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When Is It Time to Talk to Your Loved One About Drug and Alcohol Rehab?

When you have a loved one who is addicted to drugs and/or alcohol, or you suspect that they are addicted, you need to figure out how you can help. One thing that is definitely worth considering is rehab. You might be wondering if the timing is right to bring it up. The truth is that there’s no perfect time to discuss these matters, but you need to make sure you’re prepared when the time comes. This is when you know it’s time to talk to your loved one about drug and alcohol rehab.

1. Their addiction is affecting their day-to-day life

People who are struggling with drugs and alcohol will often try their best to make it seem like nothing is wrong. However, when you’ve known someone for long enough, you learn how to tell when they’re trying to fool you. If your loved one is neglecting responsibilities or not being as conversational as they used to be, you would be right to suspect that they’re struggling with addiction. This needs to be addressed as soon as possible, as enabling their addiction could lead to even further problems, such as loss of a job or severe financial stress. If this has already occurred, then the time to discuss treatment is long overdue.

2. Their addiction is changing who they are

Drugs and alcohol can change a person in numerous ways, both in terms of physical appearance as well as personality. People who are addicted can become withdrawn, antisocial, and start lashing out. When you try to confront them about it, they may gaslight you and act as though you are the one who is really to blame. The person you love is still there, but they are being held hostage by the monster that is addiction. You need to intervene as soon as possible in order to prevent things from becoming even worse.

3. They refuse to be open with you

Loving someone means being willing to be vulnerable around them. Your loved one may feel so shameful about their addiction that they don’t even want to talk about it. The more they keep this matter to themselves, the more trouble they’re going to have. You need to lay down the law and tell them that the consequences for not talking about matters they affect both of you can be dire.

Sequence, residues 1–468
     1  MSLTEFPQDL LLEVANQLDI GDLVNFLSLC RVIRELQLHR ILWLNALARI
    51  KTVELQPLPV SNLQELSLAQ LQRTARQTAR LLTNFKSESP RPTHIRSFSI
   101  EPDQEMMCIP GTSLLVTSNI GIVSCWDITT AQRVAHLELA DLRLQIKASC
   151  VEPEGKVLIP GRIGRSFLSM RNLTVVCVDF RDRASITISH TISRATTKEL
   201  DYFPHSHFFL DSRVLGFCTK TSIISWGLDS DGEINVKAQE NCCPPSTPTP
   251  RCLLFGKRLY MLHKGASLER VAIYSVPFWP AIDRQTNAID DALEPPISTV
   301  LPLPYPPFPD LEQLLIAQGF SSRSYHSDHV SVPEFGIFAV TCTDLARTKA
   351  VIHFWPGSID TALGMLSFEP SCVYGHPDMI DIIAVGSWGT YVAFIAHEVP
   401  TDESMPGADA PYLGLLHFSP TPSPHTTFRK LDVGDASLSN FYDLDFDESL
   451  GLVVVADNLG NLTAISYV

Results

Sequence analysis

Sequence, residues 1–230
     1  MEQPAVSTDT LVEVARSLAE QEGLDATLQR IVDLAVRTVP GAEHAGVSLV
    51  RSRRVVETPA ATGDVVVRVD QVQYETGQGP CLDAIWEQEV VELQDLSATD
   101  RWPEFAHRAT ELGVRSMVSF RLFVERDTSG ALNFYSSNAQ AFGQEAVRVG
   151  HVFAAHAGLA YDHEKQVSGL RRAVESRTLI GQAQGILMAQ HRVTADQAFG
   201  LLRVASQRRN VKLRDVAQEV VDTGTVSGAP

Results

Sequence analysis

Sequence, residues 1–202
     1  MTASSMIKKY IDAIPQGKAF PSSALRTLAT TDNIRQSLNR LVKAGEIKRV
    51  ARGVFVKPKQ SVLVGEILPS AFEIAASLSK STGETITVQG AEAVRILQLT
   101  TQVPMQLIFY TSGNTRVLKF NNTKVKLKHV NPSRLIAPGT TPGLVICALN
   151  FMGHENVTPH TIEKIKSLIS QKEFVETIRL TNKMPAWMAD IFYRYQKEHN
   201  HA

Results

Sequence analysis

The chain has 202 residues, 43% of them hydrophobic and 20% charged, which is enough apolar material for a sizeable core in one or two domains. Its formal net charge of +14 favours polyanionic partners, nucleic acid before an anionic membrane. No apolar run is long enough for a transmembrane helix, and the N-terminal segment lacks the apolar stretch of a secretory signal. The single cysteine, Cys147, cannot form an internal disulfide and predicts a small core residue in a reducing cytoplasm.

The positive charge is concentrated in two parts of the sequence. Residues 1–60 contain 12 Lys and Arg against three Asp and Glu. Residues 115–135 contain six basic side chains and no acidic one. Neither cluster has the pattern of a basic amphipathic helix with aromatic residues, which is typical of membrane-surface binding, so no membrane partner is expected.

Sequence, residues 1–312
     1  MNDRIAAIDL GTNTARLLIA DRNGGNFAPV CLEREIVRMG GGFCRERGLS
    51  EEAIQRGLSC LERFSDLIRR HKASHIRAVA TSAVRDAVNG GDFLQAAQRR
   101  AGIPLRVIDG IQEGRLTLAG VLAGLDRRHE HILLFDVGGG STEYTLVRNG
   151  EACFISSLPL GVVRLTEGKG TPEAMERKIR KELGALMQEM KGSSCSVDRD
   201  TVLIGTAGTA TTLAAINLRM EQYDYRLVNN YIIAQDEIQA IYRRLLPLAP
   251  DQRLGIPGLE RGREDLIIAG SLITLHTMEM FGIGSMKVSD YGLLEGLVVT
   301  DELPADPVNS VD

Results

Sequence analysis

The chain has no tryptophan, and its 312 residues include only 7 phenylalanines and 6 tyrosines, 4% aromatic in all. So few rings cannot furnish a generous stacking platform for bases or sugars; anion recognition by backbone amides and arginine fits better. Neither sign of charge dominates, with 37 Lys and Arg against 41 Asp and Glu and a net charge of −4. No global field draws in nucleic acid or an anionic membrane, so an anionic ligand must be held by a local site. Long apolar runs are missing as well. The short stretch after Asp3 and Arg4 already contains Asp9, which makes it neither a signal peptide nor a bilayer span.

4. They’re in denial

The signs of addiction are not too hard to find. But your loved one might deny that they’re even using any substances, let alone that they’re addicted. They might try to point to examples of constructive things that they’ve been doing to dispel the idea that they’re an addict. They might also try to tell you that they have things under control in order to get you off their back. This might work at first, but it will quickly backfire when they have to keep making up lies.

5. They become desperate

When your loved one believes that their addiction has reached its nadir, it’s time for them to get help. Ideally, they’ll accept going to rehab before reaching this low point. They may or may not tell you in their own words that they want to go to rehab. Instead, they might say that they feel like giving up. In reality, this is them admitting that they need help but that they might be too proud to admit it. Should this happen, you don’t want to say anything like “I told you so.” You need to sit down with them and discuss what exactly should be done. Even if going to rehab is not initially their idea, you can still give them a feeling of control by allowing them to determine the circumstances that they prefer, such as inpatient or outpatient rehab. Consulting with facilities about your loved one’s condition will help to determine the best course of action.

When you have even an inkling that you should talk to your loved one about drug and alcohol, bring it up. You don’t want to waffle on this greatly important decision. By taking the time to discuss this, you can show to your loved one just how much you value them and want the best for them.

Ready to Make a Change?

We know that overcoming addiction is not easy and requires courage to ask for help. At Woburn Addiction Treatment, our team of professionals has decades of combined experience in helping men, women, and families overcome substance abuse.

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